Sunday, June 3, 2012

Well-being in Air traffic control (Atc)

What is well-being? Is it health? Is it happiness? Both are correct. The textbook approach tells us that well-being is multidimensional because it is the interaction of different elements of health: physical, mental, emotional, and spiritual as well as our environment and our culture. Is the workplace linked to our wellbeing? Yes, it is. What we want to know is how the linkages are made, what affects what. 
Think of well-being as a chain with links. Each link represents an element of health or environment or culture that interacts with another element and so on. The interaction of these links can be strong like a metallic chain or weak like paper decorations. We can call this the sum effect of our well-being which will either improve or diminish our happiness, outlook, social interaction and health.

How do you describe your well-being as an air traffic controller?

like a paper chain
like a metallic chain


or like this?

You may say, okay Rachel, well-being is subjective and its not just about the job. Then I might be tempted to use the 2 word phrase I learned in my first undergrad economics class: ceteris paribus. In the world of ceteris paribus, economists hold everything constant except the calculation of utility and the learning of the Greek alphabet. But that answer is too easy. Instead I prefer to abandon the idea of ceteris paribus until a later post where I'll  write about utility in Atc and I will counterargue that atcos provide a 24 hour service using highly specialised skills to safely guide aircraft from point A to point B so the job and well-being are related or as my fellow economists will say that the relationship is monotonic. 
This means that if my well-being is not good, it will have a negative effect on my productivity at work. Organizational psychologists love to talk more so they will say that if elements of work are not good, then my well-being will be negatively affected and my productivity is lowered and this affects the organization. Behavioral economists are fervent supporters of utility so they will compare the workplace to a market and say that if the bundle of utility of well-being is low, the welfare gains to the worker is low and the gains to the market economy or the job are even lower and bam! show you some graphs and equations with  strange greek letters. In this blog I will do all 3 approaches. Please accept my humblest apologies.I could bore us all by repeating my classroom lectures and posting utility equations about atcos and intrinsic gains. But instead of the classroom approach, I will use short stories from around the world, videos, slides and fictitious Atc anecdotes to give life to terms that we perhaps  heard very little about but we experience everyday in Atc and take for granted too.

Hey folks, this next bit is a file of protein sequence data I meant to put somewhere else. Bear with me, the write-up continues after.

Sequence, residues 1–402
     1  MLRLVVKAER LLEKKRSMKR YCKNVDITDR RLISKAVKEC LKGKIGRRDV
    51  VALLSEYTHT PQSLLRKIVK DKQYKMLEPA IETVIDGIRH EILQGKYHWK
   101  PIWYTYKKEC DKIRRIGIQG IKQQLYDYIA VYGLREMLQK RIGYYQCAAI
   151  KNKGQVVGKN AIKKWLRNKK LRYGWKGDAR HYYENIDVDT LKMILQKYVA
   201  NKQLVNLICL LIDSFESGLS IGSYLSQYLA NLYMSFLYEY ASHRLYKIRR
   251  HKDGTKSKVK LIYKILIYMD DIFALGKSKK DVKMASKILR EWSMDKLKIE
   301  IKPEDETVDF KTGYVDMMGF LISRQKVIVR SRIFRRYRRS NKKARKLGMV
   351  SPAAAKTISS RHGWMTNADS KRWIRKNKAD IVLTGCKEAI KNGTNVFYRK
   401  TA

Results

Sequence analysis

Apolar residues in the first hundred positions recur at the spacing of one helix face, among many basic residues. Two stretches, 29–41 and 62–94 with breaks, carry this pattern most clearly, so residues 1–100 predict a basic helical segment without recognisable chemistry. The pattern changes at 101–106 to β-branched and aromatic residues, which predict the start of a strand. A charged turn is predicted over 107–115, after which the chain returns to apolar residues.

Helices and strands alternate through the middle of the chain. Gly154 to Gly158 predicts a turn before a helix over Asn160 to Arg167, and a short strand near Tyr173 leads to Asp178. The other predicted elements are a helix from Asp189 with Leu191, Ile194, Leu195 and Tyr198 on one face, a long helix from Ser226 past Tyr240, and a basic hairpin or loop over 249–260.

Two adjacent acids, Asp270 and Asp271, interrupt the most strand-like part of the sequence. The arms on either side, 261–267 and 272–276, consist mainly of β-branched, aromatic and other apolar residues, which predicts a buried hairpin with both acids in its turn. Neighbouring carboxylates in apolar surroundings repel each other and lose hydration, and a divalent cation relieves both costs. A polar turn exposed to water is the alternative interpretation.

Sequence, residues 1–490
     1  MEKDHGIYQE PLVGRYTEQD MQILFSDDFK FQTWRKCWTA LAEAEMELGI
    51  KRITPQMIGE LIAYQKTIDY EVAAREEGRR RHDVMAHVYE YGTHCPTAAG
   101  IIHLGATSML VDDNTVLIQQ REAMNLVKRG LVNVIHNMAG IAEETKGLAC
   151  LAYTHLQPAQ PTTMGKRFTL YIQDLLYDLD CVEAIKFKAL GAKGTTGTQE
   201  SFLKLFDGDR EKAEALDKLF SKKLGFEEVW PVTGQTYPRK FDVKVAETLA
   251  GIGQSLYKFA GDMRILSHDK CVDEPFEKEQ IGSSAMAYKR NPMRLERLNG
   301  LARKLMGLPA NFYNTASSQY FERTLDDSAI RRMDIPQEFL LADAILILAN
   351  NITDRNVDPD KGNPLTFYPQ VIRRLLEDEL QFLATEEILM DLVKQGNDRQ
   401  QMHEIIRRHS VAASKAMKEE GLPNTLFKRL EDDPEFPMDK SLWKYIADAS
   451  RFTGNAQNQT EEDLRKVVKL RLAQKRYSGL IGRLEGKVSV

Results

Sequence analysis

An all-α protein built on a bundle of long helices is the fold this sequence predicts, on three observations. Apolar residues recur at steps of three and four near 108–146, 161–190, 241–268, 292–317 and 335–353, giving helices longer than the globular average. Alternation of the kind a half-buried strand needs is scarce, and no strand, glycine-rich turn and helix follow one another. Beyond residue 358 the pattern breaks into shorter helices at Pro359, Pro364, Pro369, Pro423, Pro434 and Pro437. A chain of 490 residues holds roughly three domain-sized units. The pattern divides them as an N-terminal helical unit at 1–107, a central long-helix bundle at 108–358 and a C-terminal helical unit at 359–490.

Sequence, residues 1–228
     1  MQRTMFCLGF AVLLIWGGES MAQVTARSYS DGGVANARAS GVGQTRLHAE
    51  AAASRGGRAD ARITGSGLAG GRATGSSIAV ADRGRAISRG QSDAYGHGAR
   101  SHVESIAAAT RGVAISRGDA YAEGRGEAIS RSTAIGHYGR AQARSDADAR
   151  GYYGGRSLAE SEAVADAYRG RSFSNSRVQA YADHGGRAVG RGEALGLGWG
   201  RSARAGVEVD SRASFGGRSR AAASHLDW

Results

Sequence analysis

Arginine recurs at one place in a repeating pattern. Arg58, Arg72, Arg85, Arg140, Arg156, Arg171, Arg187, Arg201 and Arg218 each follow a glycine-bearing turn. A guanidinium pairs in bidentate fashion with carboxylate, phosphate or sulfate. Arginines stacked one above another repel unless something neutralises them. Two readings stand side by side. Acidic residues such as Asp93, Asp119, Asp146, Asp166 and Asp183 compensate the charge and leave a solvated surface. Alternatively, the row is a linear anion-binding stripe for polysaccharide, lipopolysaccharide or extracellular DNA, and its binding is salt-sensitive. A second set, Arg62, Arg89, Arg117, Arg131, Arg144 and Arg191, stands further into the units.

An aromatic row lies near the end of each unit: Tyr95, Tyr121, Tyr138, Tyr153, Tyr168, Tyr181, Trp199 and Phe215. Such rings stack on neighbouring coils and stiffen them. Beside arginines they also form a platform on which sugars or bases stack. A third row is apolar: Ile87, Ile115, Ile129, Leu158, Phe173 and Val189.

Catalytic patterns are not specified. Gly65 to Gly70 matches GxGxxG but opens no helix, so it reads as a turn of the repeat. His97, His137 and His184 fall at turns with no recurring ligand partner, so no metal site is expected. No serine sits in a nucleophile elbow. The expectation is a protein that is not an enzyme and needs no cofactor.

Approaches to Atc well-being

      Organizational psychology approach                Behavioral economics approach

I chose to study how the well-being of a controller is defined by Atc in the context of psychology and economics not just because I spent a decade in the profession but I have always felt that occurrences in the workplace, good or bad can be justified by a behavioral economic or psychoeconomic explanation and I realised 5 years later, that these thoughts were true. The preliminary surveys were closed because I revised them. A professor who is a walking encyclopedia of well-being sent me a link to read and I realized that I could add a few more items to compensate for the fanciful social research methodologies of analysis and computation. I also found a survey site that performed data exports for me for free. I could not have afforded to pay for the exports on the previous site. I will use the preliminary surveys to write a memoire (for a grade) by the12th of June.  What you see on my prior posts are the revised and updated versions of the suyverys. Feel free to fill these surveys and pass them on to our fellow atcos. 
So far, I have received 139 responses from controllers. I thank you all. I also would like to thank IFATCA and EUROCONTROL for cooperating. A correspondent from the latter encouraged me to be innovative in giving the study as much exposure as possible and this blog was born. I also tweeted the surveys. They will remain open until mid-December.  I am hoping to receive responses from about 1000 controllers. I am in the process of writing other agencies to have them posted on their sites and online journals. 
I have learned that ideas can blossom. I have been going to work, reading the aviation publications, ICAO reports and nursing my idea. It was my motivation for going to university and then coming to Paris to do graduate studies. In my research year, I finally saw the steps that I needed to take to work on this idea. The first step was more like a ladder. I never knew that designing a survey was such a mammoth task. I had to take what I learned in 1 semester and apply those principles to a real organization! Designing a survey is like drawing a plan for a house, tomorrow I tell you about this house plan and I share my first story that will explain a behavorism in well-being; stay tuned! 
8 pm and the sun is brilliant....

Designing a survey is like drawing a house plan

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  1. Hi, am sorry to say that I did not complete your questionnaire as I couldn't answer section II - there was no guidance on whether 1 or 12 should stand for "most important", brgds.

  2. Thank you for your feedback. I edited the question to include 1 (most important) - 12 (least important). I hope that you will be able to finish the survey.